Bone age determination seems like an ideal application for artificial intelligence (AI): It is based on one standardized posteroanterior radiograph. There is only one “diagnosis” (ie, the estimated bone age), unlike other applications where an algorithm used to detect pneumothorax could not fully evaluate a chest radiograph for nodules, infiltrates, or heart failure. The task is considered tedious and time consuming by many radiologists and requires experience to be an expert reader. Reliability and reproducibility are paramount, especially because sequential examinations are often performed in clinical practice. These reasons likely explain the multiple AI products already developed to estimate bone age (2) and the results of a 2017 Radiological Society of North America challenge that garnered 105 entries (3).

In this issue of Radiology, Eng et al (4) conducted a multi-institutional randomized investigation of an AI technique trained to predict bone age based on a ground truth established by a four-expert panel, applying a robust statistical analysis. Two unique and laudable features of the study stand out. First, the multicenter design involved 93 radiologists, simulating a real-world scenario instead of an artificial one that testing in one academic center might have produced. Second, the authors compared the accuracy attained by the radiologists with access to an AI-generated bone age compared with the same radiologists when they worked unaided. Radiologists were shown the AI results but then could accept or override them. This approach—rather than testing the accuracy of AI alone compared with that of the radiologist alone—mimics how most practices would apply this technology. In addition, this method addresses a fear of some radiologists that they may be replaced instead of enhanced by AI in the future.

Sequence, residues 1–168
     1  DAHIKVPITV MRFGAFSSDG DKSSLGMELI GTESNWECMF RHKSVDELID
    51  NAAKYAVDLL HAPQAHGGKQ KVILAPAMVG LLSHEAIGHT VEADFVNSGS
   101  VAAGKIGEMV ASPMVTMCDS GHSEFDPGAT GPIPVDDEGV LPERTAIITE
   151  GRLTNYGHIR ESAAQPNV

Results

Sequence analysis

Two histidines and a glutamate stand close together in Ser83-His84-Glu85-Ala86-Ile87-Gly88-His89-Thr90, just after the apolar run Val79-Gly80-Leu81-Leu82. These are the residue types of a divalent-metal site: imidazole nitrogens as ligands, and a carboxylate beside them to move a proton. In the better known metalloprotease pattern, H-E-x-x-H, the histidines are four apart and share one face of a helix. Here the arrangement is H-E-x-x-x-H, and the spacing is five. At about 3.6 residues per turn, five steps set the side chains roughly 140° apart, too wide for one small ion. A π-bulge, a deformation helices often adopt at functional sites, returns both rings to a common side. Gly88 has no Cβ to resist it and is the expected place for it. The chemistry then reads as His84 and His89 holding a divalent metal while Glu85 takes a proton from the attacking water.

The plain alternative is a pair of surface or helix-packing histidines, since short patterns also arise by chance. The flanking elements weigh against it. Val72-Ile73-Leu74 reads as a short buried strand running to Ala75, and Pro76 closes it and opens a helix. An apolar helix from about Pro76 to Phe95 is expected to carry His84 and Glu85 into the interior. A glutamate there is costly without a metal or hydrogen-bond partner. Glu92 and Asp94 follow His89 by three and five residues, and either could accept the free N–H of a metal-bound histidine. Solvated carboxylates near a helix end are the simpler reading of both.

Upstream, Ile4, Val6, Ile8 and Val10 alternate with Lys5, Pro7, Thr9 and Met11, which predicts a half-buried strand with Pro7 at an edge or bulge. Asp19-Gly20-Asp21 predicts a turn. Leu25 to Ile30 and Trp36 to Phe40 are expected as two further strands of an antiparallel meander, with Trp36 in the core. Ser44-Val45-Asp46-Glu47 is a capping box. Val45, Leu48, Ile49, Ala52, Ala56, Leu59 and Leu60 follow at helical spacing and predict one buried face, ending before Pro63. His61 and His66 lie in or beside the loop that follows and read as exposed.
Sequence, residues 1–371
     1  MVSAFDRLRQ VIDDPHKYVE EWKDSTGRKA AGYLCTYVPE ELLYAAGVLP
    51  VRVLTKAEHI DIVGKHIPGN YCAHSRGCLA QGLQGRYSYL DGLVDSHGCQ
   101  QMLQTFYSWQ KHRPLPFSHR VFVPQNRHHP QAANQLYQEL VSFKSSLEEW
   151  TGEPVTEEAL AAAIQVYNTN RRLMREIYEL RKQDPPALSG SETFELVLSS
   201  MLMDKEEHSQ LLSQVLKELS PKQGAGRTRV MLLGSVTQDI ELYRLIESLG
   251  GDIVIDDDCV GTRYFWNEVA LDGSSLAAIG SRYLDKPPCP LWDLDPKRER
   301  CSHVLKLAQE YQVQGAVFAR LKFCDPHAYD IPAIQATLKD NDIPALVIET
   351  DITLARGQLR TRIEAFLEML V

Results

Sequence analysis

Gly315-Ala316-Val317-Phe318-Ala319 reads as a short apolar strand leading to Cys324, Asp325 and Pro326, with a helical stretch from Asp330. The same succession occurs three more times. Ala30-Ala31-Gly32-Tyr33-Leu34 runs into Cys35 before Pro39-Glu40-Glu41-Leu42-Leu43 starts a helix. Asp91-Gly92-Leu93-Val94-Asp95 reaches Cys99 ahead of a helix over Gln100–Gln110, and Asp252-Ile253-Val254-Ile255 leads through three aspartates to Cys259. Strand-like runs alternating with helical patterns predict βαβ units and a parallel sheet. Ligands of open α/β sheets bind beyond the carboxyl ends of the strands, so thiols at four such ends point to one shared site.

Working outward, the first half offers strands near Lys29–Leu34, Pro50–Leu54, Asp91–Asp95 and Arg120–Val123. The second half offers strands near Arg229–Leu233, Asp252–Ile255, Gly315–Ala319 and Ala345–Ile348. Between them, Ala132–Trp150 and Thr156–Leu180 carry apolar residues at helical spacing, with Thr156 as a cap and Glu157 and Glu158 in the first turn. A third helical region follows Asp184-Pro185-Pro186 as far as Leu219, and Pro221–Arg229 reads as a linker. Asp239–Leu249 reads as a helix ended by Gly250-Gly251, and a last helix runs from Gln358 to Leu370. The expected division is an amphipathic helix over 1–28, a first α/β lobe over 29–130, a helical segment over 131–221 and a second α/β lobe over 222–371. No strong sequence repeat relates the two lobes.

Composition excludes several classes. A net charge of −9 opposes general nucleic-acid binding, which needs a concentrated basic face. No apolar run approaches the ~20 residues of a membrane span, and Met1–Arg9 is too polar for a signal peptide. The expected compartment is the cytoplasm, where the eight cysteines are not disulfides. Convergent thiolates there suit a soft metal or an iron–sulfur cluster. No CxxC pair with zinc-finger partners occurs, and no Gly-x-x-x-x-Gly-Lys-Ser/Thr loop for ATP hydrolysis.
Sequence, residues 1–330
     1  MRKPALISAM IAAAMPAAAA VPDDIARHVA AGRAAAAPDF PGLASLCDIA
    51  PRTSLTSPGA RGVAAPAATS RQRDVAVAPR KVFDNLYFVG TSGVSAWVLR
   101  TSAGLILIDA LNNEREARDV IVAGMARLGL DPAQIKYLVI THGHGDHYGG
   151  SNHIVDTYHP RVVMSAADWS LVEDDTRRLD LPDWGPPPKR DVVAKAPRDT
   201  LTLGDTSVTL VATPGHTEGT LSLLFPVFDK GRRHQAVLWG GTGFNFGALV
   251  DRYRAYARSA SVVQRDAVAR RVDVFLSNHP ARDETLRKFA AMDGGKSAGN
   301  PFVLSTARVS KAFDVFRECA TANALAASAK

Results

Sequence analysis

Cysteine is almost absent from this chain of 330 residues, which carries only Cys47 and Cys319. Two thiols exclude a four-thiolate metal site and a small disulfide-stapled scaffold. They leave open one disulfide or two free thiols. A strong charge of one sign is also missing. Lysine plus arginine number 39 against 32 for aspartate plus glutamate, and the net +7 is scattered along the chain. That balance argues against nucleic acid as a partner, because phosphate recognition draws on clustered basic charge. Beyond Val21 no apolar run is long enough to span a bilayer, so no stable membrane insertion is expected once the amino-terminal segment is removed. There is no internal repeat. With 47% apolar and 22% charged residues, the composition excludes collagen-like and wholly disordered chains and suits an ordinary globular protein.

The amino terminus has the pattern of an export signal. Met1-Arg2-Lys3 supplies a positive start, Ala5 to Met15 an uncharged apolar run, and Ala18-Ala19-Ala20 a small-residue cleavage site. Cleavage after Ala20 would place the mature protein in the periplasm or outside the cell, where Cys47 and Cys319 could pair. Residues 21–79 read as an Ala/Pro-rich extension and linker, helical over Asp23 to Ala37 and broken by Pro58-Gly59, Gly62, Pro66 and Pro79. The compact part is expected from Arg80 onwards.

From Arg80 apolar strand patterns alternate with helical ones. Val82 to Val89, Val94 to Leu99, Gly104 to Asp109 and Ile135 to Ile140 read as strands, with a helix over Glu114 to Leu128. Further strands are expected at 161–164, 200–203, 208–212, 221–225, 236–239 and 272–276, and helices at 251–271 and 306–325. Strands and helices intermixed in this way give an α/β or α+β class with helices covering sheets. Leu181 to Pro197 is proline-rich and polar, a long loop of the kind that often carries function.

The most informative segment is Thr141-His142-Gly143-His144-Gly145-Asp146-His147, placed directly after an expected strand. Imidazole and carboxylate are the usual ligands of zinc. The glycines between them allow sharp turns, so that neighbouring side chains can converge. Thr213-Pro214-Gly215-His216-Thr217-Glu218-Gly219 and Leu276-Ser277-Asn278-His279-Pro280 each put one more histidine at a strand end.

The results showed that for five of the six included centers, the AI-aided method resulted in improved performance compared with performance without AI, with the mean absolute difference from the ground truth reduced from 6.0 to 5.4 months. The number of examinations assigned bone ages more than 12 months different from the ground truth also decreased in the AI-assisted scenario from 13.0% to 9.3%. Average interpretation time was 40 seconds faster in the AI-aided scenario.